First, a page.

Individual myofibers were isolated from mouse muscle tissue in a suspension cell culture. Satellite cells on the myofiber were co-cultured with physically damaged myofibers using a glass pipette (co-culture) for 72 hours exposed to components emerging from damaged myofibers. The percentage of activated satellite cells in the co-culture group increased compared to the non-co-culture group, suggesting that satellite cells were activated by DMDFs. Photo credit: Associate Professor Yusuke Ono
A research collaboration between Kumamoto University and Nagasaki University in Japan has found that components that leak from broken muscle fibers activate “satellite” muscle stem cells. While trying to identify the proteins that activate satellite cells, they found that metabolic enzymes like GAPDH quickly activated dormant satellite cells and accelerated the regeneration of muscle injuries. This is a very rational and efficient regeneration mechanism in which the damaged muscle itself activates the satellite cells that begin the regeneration process.
Skeletal muscle is made up of bundles of contracting muscle fibers, and each muscle fiber is surrounded by satellite cells – muscle stem cells that can produce new muscle fibers. Thanks to the work of these satellite cells, muscle fibers can be regenerated even after a bruise or a tear during intensive training. Satellite cells also play an essential role in muscle growth in developmental stages and in muscle hypertrophy during strength training. In refractory muscle diseases such as muscular dystrophy and age-related muscle fragility (sarcopenia), however, the number and function of satellite cells decrease. It is therefore important to understand the regulatory mechanism of satellite cells in muscle regeneration therapy.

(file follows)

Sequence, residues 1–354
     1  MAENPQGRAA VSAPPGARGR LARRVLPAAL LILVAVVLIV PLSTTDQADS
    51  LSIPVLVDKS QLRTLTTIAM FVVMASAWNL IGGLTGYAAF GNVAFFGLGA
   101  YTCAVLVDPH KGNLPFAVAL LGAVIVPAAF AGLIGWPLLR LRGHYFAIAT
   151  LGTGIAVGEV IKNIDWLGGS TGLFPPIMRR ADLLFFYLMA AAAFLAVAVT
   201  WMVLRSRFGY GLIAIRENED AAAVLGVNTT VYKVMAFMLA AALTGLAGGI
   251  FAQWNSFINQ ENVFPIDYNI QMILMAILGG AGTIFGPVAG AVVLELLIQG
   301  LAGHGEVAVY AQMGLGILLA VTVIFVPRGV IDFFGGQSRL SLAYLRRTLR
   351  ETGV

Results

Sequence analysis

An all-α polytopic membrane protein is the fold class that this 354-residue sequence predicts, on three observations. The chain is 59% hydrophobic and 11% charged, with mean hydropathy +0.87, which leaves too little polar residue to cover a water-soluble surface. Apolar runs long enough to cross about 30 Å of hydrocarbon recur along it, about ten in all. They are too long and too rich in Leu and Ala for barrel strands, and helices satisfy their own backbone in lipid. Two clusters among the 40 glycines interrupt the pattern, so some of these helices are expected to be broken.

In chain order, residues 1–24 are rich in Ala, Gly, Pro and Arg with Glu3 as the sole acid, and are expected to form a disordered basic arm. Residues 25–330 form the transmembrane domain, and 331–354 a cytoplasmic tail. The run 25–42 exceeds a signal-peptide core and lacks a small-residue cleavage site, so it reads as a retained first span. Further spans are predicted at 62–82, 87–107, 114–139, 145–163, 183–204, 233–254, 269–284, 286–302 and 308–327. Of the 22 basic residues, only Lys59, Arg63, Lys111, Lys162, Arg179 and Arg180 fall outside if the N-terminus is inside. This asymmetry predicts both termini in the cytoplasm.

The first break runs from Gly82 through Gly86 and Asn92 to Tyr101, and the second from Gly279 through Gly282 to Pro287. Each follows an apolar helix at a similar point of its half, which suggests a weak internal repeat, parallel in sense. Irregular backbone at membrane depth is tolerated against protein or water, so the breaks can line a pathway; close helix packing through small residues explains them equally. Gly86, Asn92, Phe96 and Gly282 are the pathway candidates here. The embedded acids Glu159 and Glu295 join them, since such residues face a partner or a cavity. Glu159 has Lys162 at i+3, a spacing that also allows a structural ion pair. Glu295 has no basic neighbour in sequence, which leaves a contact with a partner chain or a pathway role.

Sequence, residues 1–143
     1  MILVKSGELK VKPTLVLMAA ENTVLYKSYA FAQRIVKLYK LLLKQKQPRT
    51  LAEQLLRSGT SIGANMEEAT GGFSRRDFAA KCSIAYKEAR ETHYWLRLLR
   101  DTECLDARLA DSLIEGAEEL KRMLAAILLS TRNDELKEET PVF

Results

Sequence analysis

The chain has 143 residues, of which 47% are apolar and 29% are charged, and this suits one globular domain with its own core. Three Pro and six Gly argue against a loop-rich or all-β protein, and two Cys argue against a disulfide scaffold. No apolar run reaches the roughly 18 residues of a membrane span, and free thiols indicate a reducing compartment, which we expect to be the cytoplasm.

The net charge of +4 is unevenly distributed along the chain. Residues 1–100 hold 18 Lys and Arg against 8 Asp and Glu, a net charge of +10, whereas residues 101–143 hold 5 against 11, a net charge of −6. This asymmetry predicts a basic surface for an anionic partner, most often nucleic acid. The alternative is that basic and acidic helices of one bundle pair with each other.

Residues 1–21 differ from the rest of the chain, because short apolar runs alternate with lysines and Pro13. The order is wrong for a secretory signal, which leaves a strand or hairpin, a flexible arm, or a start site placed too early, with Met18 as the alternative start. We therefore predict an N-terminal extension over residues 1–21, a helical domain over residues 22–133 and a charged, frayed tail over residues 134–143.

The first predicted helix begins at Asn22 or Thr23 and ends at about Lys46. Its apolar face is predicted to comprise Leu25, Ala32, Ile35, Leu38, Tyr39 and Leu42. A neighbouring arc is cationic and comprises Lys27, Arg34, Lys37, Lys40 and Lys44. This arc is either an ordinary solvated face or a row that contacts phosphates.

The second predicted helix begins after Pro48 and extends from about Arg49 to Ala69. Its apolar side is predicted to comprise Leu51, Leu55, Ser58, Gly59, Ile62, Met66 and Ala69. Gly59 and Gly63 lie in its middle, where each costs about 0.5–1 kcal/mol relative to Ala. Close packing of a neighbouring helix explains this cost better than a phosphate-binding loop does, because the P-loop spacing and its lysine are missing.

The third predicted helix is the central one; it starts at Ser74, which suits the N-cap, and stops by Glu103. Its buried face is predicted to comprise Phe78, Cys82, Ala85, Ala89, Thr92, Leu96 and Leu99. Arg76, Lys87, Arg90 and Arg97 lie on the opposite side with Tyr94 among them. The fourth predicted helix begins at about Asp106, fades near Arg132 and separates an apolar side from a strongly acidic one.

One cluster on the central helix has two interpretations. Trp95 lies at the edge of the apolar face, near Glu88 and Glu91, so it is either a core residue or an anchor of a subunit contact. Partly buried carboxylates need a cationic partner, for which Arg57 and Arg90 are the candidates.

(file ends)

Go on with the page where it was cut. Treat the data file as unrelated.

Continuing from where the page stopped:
In mature skeletal muscle, satellite cells are usually present in a dormant state. When stimulated after muscle injury, satellite cells are activated quickly and multiply repeatedly. During the subsequent myogenesis, they differentiate and regenerate muscle fibers by fusing with existing muscle fibers or with one another. Of these three steps (activation, proliferation, and muscle differentiation of satellite cells), little is known about how the first step, activation, is induced.
In a mouse muscle damage model, recombinant GAPDH protein was injected into the anterior tibialis muscle 24 hours prior to inducing muscle damage by drug injection (DMDF group). The control group was administered phosphate buffered saline (PBS). The number of EdU-positive cells increased in the DMDF group compared to the control group, as was determined by immunohistochemical staining of the muscle tissue 48 hours after the muscle injury. Photo credit: Associate Professor Yusuke Ono
Factors (DMDFs) emerging from the injured muscle fiber activate rapidly dormant satellite cells, which then enter the preparatory phase for proliferation (G1 phase). Subsequently, through stimulation of growth factors produced by immune cells and stromal cells that infiltrate the injured area, satellite cells enter the S phase and multiply. It is believed that DMDFs are the mechanism that activates satellite cells and enables rapid muscle recovery after injury. Photo credit: Associate Professor Yusuke Ono